September has been a wild ride for bitcoin owners: the digital currency began the month nudging an all-time high of $5,000 before losing nearly 40% of its value in a spectacular crash. Now, a recovery has seen bitcoin pop back over $4,000 as of Monday morning.
To put this in context, Fortune offers a closer look at this month's crash and four other major price shocks—as well as likely explanations for all of them. Taken together, this account can provide some insight into why bitcoin is so volatile, and whether it can survive in the long run.
(The data is from the Winkelvoss index, which blends prices from different exchanges. Note this survey doesn't include crashes from the early days of bitcoin, which journalist Tim Lee recounts here).The Meltdown of April 2013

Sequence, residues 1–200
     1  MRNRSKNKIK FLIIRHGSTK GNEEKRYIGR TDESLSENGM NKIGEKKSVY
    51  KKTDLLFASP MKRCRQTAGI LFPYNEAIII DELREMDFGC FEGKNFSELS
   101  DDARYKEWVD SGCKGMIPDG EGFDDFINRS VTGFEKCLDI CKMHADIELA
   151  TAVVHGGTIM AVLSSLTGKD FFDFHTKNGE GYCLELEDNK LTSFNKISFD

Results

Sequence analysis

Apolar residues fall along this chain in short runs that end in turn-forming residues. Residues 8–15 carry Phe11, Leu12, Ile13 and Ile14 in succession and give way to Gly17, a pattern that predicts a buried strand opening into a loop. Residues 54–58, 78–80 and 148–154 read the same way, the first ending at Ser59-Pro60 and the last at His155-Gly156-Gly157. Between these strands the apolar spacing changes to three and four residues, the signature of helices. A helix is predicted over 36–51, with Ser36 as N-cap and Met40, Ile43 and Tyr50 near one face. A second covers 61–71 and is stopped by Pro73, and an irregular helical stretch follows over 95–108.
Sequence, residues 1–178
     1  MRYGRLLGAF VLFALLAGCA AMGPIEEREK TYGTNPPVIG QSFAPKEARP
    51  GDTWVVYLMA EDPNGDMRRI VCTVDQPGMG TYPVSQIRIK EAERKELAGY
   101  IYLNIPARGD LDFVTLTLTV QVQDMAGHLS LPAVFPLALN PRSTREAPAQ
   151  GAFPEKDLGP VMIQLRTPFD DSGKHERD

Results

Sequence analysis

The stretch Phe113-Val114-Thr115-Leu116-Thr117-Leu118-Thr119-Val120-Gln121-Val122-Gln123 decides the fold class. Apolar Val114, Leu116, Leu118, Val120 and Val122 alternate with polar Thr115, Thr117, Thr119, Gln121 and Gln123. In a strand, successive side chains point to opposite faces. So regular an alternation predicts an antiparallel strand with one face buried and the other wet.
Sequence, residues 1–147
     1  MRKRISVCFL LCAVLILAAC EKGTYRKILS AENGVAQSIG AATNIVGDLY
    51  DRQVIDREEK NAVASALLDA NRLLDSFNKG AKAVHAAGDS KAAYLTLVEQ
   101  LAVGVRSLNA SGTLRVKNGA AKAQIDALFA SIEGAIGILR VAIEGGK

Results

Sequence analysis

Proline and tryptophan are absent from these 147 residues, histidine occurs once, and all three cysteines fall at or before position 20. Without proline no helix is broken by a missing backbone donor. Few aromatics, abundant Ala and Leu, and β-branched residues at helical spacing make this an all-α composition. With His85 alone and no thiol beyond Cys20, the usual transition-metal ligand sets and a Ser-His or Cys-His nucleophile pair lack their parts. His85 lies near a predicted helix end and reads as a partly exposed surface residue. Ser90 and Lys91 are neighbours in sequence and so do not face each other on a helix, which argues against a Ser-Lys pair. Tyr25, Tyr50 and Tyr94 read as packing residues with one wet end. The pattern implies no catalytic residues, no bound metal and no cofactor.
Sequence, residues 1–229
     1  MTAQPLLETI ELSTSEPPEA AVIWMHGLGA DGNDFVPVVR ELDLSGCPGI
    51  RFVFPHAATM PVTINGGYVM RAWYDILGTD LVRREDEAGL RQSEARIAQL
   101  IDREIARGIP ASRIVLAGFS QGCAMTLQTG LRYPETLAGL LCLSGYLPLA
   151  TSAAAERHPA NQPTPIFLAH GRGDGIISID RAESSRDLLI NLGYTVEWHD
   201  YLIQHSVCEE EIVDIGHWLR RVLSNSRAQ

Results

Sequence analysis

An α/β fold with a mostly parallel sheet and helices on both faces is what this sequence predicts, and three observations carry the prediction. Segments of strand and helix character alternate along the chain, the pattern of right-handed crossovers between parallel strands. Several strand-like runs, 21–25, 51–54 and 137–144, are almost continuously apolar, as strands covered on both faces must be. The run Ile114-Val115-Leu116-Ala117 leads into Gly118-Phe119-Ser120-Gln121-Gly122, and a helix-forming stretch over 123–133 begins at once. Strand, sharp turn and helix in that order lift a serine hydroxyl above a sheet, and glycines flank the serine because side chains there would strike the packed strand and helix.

What happened: In the spring of 2013, a ghastly collapse saw the price of bitcoin fall from $233 to $67—overnight! That's a 71% drop. It would take seven months to recover.
Why it happened: The crash of April 2013 came after bitcoin's first big brush with the mainstream. The currency had never crossed $15 before 2013 but a flood of media coverage helped drive it well above $200. The crash, which followed two smaller jolts in March, reflected in part a correction to speculator exuberance. Some also attribute it to an outage at Mt. Gox, the most popular (at the time) exchange for buying and selling bitcoin.Pop Goes the 2013 Bubble
What happened: Bitcoin spent most of the rest of 2013 around $120. Then prices jumped ten-fold in the fall: Bitcoin hit a high of $1,150 in late November and then the party ended abruptly, and prices tumbled below $500 by mid-December. It would take more than for years for bitcoin to reach $1,000 again.
Why it happened: The crazy price run up of late 2013 appears to have been a classic bubble as amateur investors rushed into bitcoin for the first time. The frenzy was hel...